# Solving Quadratic Equations

# Solving Quadratic Equations

**Solving Quadratic Equations**

You can solve quadratic equations of the form ax^2 + bx + c = 0 through **factorising**, **completing the square** or using the **quadratic formula**.

**Solving Quadratics through Factorising**

The quickest and easiest way to solve quadratic equations is by **factorising**.

You need to be able to spot ‘**disguised**‘ quadratics involving a function of x, f(x), instead of x itself. You need to use the substitution y=f(x) and solve for y, and then use these to find the values of x.

**Example:** Solve x^2 + 2x = 15 through factorising.

Rearrange the equation into the form ax^2 + bx + c = 0:

x^2 + 2x - 15 = 0

Then, solve the equation by factorising:

(x-3)(x+5) = 0

So,

x - 3 = 0 \Rightarrow \textcolor{blue}{x = 3} and x + 5 = 0 \Rightarrow \textcolor{blue}{x = -5}

A Level**Completing the Square Method**

The following method can be used to **complete the square** of a quadratic expression:

**Step 1:** Rearrange the quadratic in the form

ax^2 + bx + c

**Step 2:** Take out a factor of a out of the x^2 and x terms:

a \left( x^2 + \dfrac{b}{a} x \right) + c

**Step 3:** Halve the coefficient of x and rewrite the brackets as one squared bracket:

a \left(x + \textcolor{limegreen}{\dfrac{b}{2a}} \right)^2

**Step 4:** Add \textcolor{red}{d} to the bracket to complete the square:

a \left(x + \textcolor{limegreen}{\dfrac{b}{2a}} \right)^2 + \textcolor{red}{d}

**Step 5:** Find \textcolor{red}{d} by setting this expression equal to the original expression:

a \left(x + \textcolor{limegreen}{\dfrac{b}{2a}} \right)^2 + \textcolor{red}{d} = ax^2 + bx + c

Solving this gives

\textcolor{red}{d} = \left( c - \dfrac{b^2}{4a} \right)

**Step 6:** Put it all together:

a \left(x + \dfrac{b}{2a} \right)^2 + \left( c - \dfrac{b^2}{4a} \right) = ax^2 + bx + c

A Level**Completing the Square Formula**

You do not need to do the full steps of working from above when **complete the square** of a quadratic, you can just express it in the form,

ax^2 + b x + c = a \left(x + \textcolor{limegreen}{e} \right)^2 + \textcolor{red}{d}

where

\textcolor{limegreen}{e} =\dfrac{b}{2a} \,\,\, and \,\, \textcolor{red}{d} = c-\dfrac{b^2}{4a} = c-a \textcolor{limegreen}{e}^2

A Level**Solving Quadratics through Completing the Square**

Completing the square isn’t the easiest method to solve quadratics, but it is useful when finding exact solutions – i.e. solutions involving surds etc.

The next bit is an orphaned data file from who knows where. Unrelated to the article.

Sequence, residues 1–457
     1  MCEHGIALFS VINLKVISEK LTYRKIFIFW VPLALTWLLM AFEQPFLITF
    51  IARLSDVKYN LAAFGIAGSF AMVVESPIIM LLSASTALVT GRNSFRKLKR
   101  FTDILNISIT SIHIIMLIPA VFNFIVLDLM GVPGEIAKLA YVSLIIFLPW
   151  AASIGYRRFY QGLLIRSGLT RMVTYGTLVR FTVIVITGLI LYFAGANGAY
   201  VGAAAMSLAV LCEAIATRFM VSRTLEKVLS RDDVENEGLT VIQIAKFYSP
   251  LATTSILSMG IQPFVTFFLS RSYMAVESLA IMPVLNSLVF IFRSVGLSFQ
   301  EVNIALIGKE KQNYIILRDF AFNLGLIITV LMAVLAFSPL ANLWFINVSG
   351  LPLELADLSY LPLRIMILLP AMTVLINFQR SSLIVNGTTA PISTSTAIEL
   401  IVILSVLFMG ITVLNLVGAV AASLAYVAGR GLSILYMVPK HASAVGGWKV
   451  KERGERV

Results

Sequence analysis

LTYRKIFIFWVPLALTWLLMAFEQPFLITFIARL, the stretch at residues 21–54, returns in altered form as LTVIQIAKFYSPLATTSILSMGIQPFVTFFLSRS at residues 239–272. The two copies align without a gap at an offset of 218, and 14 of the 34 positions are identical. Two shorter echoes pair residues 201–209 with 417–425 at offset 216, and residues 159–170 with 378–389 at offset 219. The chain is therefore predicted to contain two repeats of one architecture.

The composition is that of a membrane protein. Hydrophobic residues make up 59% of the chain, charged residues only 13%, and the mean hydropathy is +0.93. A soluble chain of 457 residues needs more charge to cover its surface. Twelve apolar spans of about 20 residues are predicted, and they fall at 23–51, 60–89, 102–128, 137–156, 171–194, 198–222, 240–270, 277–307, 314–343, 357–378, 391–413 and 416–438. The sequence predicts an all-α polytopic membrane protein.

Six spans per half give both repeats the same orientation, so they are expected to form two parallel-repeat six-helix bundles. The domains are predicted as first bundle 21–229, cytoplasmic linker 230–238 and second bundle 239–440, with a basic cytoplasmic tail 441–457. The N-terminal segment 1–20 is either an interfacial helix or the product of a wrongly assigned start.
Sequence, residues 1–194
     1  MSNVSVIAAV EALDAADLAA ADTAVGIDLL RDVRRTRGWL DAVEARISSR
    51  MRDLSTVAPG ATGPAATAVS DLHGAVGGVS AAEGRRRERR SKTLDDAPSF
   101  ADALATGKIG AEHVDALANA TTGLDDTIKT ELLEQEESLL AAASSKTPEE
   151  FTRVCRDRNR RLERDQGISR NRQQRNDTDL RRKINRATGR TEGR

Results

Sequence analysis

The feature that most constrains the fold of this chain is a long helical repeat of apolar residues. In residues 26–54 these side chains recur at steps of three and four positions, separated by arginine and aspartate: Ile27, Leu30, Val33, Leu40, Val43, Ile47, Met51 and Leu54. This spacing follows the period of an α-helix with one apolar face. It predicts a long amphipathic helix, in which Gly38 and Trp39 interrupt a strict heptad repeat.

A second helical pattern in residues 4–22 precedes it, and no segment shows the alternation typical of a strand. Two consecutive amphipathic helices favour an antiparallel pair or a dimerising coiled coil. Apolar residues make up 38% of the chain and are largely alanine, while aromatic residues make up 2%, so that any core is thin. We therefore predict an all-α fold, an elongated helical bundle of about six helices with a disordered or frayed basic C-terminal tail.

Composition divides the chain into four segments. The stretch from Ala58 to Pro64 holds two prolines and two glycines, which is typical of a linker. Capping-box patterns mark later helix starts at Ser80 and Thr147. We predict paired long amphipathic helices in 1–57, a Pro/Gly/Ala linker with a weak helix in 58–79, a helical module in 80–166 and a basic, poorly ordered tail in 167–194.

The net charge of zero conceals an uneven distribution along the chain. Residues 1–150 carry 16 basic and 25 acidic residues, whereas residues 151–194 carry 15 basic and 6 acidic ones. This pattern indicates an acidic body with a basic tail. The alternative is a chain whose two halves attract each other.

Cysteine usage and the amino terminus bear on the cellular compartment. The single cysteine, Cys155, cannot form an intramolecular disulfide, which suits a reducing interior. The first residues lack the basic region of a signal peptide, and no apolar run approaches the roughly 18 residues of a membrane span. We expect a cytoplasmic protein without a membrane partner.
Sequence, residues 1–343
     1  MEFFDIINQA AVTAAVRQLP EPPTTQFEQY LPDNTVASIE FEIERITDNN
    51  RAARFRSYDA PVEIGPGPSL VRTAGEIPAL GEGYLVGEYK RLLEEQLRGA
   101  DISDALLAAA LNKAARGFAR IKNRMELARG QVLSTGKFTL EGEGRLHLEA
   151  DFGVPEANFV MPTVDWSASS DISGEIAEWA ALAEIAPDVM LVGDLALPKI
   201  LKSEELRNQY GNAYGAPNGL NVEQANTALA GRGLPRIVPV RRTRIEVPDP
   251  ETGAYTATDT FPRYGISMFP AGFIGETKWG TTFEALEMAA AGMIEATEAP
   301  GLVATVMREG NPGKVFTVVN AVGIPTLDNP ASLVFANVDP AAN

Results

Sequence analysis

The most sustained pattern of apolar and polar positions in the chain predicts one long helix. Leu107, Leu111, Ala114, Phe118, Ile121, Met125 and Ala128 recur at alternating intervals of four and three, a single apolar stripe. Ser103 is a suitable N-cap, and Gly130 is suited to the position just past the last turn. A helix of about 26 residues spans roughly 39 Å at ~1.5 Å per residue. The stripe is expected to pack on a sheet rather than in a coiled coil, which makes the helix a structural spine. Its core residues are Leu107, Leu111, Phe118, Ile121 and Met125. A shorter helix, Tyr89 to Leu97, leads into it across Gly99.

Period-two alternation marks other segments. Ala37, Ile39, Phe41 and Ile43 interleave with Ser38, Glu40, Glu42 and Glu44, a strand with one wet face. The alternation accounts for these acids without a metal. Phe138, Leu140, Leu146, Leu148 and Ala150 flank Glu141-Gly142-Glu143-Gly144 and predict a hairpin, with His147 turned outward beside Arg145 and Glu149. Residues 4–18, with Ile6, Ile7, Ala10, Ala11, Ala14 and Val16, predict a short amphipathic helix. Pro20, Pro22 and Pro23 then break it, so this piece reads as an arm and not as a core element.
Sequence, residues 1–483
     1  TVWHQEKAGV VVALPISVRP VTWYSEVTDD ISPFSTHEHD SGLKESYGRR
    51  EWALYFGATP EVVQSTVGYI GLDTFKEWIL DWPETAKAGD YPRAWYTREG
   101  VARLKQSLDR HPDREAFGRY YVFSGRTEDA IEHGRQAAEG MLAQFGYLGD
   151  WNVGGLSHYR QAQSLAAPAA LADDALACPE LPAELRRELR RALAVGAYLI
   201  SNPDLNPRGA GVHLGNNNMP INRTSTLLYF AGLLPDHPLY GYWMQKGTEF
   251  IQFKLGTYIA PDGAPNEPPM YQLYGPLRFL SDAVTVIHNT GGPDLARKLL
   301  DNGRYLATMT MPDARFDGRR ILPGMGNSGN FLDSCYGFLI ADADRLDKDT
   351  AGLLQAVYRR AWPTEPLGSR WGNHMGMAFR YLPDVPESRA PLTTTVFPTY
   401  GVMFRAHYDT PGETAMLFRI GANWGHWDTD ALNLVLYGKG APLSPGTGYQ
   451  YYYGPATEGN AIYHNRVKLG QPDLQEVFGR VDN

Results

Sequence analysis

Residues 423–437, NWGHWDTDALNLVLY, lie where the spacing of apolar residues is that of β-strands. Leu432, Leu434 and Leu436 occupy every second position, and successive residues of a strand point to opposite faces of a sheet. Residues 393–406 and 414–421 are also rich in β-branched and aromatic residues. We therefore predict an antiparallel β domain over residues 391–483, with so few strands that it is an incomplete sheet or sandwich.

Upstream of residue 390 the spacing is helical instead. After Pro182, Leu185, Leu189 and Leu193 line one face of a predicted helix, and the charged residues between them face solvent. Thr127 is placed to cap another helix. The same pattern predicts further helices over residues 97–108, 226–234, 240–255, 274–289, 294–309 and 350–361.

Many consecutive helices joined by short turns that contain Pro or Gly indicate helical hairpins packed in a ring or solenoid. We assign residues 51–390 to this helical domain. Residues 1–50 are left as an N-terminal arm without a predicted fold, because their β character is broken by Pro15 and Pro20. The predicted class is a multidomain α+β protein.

**Example:** Find the exact solutions to 2x^2 - 12x + 14 = 0 by completing the square.

So a = 2, b = -12 and c = 14.

Hence,

\begin{aligned} \textcolor{limegreen}{d} &= \dfrac{b}{2a} = \dfrac{-12}{2 \times 2} = \textcolor{limegreen}{-3} \\[1.2em] \textcolor{red}{e} &= c - ad^2 = 14 - 2 (-3)^2 = 14 - 18 = \textcolor{red}{-4} \end{aligned}

So,

2x^2 - 12x + 14 = 2(x \textcolor{limegreen}{-3})^2 \textcolor{red}{- 4}

Put this equal to 0 and solve for x:

\begin{aligned} 2(x-3)^2 - 4 &= 0 \\ 2(x-3)^2 &= 4 \\ (x-3)^2 &= 2 \\ x - 3 &= \pm \sqrt{2} \end{aligned}

Hence,

\textcolor{blue}{x = 3 + \sqrt{2}} and \textcolor{blue}{x = 3 - \sqrt{2}}

A Level**Note:**

To solve some equations it may be easier to use the **quadratic formula** instead of factorising or completing the square, e.g. when the values of a, b and c are large. However the questions usually won’t tell you which method to use.

**Example: Solving ‘Disguised’ Quadratics**

Solve x^4 - 13x^2 + 36 = 0

**[3 marks]**

f(x) = x^2, so let y = x^2 and substitute into the equation:

y^2 - 13y + 36 = 0

using x^4 = (x^2)^2 = y^2

Then, solve the quadratic by factorising:

(y-9)(y-4) = 0

y - 9 = 0 \Rightarrow \textcolor{purple}{y = 9} and y-4=0 \Rightarrow \textcolor{purple}{y = 4}

Use these y values to find the values of x:

y = 9 \Rightarrow x^2 = 9 \Rightarrow x = \sqrt{9} \Rightarrow \textcolor{blue}{x = \pm 3}

y = 4 \Rightarrow x^2 = 4 \Rightarrow x = \sqrt{4} \Rightarrow \textcolor{blue}{x = \pm 2}

A Level## Example Questions

**Question 1:** Solve 2x^2 = 7x - 3 through factorising.

**[3 marks]**

Rearrange the equation into the form ax^2 + bx + c = 0:

2x^2 - 7x + 3 = 0

Then, solve the equation through factorising:

(2x-1)(x-3) = 0

So,

2x-1 = 0 \Rightarrow x = \dfrac{1}{2} and x-3 = 0 \Rightarrow x = 3

**Question 2:** Solve x - x^{\frac{1}{2}} - 6 = 0 through factorising.

**[3 marks]**

f(x) = x^{\frac{1}{2}} so let y = x^{\frac{1}{2}} and substitute into the equation:

y^2 - y - 6 = 0

using x = (x^{\frac{1}{2}})^2 = y^2

Then, solve the quadratic by factorising:

(y-3)(y+2) = 0

y - 3 = 0 \Rightarrow y = 3 and y+2 = 0 \Rightarrow y = -2

Use these values of y to find the values of x:

y = 3 \Rightarrow x^{\frac{1}{2}} = 3 \Rightarrow x = 3^2 = 9

y = -2 \Rightarrow x^{\frac{1}{2}} = -2 \Rightarrow x = (-2)^2 = 4

**Question 3:**

**a)** Write 3x^2 - 30x + 73 in completed square form.

**b)** Hence, or otherwise, solve the equation 3x^2 - 30x + 73 = 0, giving your answers to 2 decimal places.

**[5 marks]**

**a)** a = 3, b = -30 and c = 73.

Hence,

d = \dfrac{b}{2a} = \dfrac{-30}{2 \times 3} = -5

and

e = c - ad^2 = 73 - 3(-5)^2 = 73 - 75 = -2

So,

3x^2 - 30x + 73 = 3(x-5)^2 - 2

**b)** 3(x-5)^2 - 2 = 0

So,

3(x-5)^2 = 2

(x-5)^2 = \dfrac{2}{3}

x - 5 = \pm \sqrt{\dfrac{2}{3}} = \dfrac{\sqrt{6}}{3}

x = 5 + \dfrac{\sqrt{6}}{3} = 5.82 (2 dp)

x = 5 - \dfrac{\sqrt{6}}{3} = 4.18 (2 dp)

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